• A monument to the Marines who died at the Tartar Wall in Peking, China (1900)
  • A monument to the Unknown Dead (1934)

Notable Burials[edit]

Medal of Honor Recipients[edit]

(Dates are of the actions for which they were awarded the Medal of Honor.)

  • Seaman Axel Westermark (Boxer Rebellion), U.S. Navy. Peking, China June 28 – August 17, 1900 (Section A, Grave 32).

Other burials[edit]

Two unusual interments at San Francisco National Cemetery are "Major" Pauline Cushman and Miss Sarah A. Bowman. Cushman's headstone bears the inscription "Pauline C. Fryer, Union Spy", but her real name was Harriet Wood. Born in the 1830s, she became a performer in Thomas Placide's show Varieties and took the name Pauline Cushman. She married theater musician Charles Dickinson in 1853, but after her husband died of illness related to his service for Union forces, she returned to the stage. During spring 1863, while performing in Louisville, Kentucky, she was asked by the provost marshal to gather information regarding local Confederate activity. From there she was sent to Nashville, where she had some success conveying information about troop strength and movements. In Nashville, she was also captured and nearly hanged as a spy. She returned to the stage in 1864, to lecture and sell her autobiography. Entertainer P.T. Barnum promoted her as the "Spy of the Cumberland" and through Barnum's practiced boostership she quickly gained fleeting fame. After spending the 1870s working the redwood logging camps, she remarried and moved to the Arizona Territory. By 1893 she was divorced, destitute and desperate; she applied for her first husband's military pension and returned to San Francisco, where she died from an overdose of narcotics allegedly taken to soothe her rheumatism. Members of the Grand Army of the Republic and Women's Relief Corps conducted a magnificent funeral for the former spy. "Major" Cushman's remains reside in Officer's Circle.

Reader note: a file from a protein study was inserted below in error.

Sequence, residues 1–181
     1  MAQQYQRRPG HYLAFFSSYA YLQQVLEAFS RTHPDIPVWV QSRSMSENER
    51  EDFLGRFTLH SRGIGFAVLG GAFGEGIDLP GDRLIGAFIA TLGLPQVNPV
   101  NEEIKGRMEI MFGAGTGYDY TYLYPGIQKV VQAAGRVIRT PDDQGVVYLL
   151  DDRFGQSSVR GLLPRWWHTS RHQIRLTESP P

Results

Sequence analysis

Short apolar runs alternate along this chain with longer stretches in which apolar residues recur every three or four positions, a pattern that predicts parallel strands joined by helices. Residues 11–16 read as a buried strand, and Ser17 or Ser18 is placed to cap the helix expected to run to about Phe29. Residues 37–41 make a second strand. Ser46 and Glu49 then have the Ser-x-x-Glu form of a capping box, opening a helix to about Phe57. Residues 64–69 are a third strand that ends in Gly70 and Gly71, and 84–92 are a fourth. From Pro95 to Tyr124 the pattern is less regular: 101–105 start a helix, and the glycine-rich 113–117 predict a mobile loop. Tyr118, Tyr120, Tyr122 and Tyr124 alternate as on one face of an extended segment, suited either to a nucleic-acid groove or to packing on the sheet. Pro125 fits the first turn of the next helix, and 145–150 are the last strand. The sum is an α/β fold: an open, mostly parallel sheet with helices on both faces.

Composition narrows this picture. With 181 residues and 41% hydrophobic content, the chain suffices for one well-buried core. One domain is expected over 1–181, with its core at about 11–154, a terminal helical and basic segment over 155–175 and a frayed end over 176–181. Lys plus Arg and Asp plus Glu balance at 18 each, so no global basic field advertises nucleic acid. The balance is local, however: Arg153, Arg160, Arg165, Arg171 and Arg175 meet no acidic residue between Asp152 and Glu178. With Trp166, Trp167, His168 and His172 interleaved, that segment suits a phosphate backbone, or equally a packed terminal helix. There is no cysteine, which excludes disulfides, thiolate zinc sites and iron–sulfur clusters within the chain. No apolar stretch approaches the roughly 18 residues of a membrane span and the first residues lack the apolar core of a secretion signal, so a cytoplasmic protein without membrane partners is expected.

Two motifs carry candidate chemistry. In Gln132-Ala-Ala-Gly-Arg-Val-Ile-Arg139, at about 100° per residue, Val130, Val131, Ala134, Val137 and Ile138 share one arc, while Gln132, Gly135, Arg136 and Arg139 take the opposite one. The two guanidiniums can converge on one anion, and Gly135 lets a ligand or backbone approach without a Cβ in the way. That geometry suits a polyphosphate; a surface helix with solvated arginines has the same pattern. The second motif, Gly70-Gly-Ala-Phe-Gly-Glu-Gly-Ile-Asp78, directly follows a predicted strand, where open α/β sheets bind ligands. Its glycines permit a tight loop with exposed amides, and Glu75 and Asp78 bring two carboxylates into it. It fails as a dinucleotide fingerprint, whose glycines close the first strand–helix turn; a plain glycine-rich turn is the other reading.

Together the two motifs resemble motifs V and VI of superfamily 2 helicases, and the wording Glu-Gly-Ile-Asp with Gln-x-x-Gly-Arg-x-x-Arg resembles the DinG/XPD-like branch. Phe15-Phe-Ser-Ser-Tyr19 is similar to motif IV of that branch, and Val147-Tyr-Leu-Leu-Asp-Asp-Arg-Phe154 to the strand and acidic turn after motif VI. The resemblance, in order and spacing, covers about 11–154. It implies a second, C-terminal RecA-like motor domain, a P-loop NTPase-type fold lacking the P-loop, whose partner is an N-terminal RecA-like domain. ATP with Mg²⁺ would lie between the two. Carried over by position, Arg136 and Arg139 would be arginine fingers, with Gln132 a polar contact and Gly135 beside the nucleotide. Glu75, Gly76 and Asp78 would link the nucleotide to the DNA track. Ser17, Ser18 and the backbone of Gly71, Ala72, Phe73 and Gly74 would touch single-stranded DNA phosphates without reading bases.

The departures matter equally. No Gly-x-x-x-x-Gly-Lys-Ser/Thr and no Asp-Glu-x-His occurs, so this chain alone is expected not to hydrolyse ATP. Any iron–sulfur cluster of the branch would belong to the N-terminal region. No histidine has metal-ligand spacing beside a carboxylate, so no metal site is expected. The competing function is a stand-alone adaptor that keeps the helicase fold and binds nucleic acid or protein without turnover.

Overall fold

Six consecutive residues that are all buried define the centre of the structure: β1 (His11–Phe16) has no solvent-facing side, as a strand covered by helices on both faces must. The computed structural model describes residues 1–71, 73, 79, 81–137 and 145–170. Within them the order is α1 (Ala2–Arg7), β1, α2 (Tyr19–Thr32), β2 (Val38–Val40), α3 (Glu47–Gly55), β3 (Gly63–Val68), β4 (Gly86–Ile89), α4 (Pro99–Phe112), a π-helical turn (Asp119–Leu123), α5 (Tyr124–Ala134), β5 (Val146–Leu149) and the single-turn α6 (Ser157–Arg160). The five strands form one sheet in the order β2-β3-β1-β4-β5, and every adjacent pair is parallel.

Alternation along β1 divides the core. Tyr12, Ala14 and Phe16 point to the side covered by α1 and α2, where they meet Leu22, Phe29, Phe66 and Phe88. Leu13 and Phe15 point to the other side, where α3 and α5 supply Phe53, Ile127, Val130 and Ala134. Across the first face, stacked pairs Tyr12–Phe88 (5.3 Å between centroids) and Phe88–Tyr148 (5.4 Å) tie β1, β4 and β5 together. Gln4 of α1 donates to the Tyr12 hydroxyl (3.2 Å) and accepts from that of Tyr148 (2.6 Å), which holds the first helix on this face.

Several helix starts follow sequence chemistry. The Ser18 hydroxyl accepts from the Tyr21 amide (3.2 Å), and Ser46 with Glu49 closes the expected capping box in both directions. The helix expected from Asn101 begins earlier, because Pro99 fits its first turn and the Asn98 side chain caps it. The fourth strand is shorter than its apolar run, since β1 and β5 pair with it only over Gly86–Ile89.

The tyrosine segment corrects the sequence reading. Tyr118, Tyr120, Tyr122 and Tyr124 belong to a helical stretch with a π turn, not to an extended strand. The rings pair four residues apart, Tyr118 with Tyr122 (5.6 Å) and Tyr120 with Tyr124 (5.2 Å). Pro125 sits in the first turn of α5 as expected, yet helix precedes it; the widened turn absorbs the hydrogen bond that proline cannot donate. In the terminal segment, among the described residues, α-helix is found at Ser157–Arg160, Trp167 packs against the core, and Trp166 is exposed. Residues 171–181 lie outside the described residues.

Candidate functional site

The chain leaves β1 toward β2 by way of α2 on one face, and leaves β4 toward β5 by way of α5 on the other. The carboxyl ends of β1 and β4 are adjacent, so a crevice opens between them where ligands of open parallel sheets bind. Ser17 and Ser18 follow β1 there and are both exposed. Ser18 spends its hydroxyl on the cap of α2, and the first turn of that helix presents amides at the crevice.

Also buried at San Francisco National Cemetery is Sarah Bowman, also known as "Great Western", a formidable woman over 6 feet (1.8 m) tall with red hair and a fondness for wearing pistols. Married to a soldier, she traveled with Zachary Taylor's troops in the Mexican-American War helping to care for the wounded, for which she earned a government pension. After her husband's death she had a variety of male companions and ran an infamous tavern and brothel in El Paso, Texas. Bowman left El Paso when she married her last husband. The two ended up at Fort Yuma, where she operated a boarding house until her death from a spider bite in 1866. She was given a full military funeral and was buried in the Fort Yuma Cemetery. Several years later her body was exhumed and reburied at San Francisco National Cemetery.

References[edit]

  1. ^ USGS Geographic Names Information System (GNIS)
  2. ^ [1] CWGC Cemetery Report. Breakdown obtained from casualty record.

Further reading[edit]

  • Culbertson, Judi; Randall, Tom (1989). "14: Military Cemeteries". Permanent Californians: an illustrated guide to the cemeteries of California. Chelsea, VT: Chelsea Green. pp. 221–231. ISBN 978-0930031213. OCLC 19322965. 

External links[edit]

 This article incorporates public domain material from websites or documents of the United States Department of Veterans Affairs.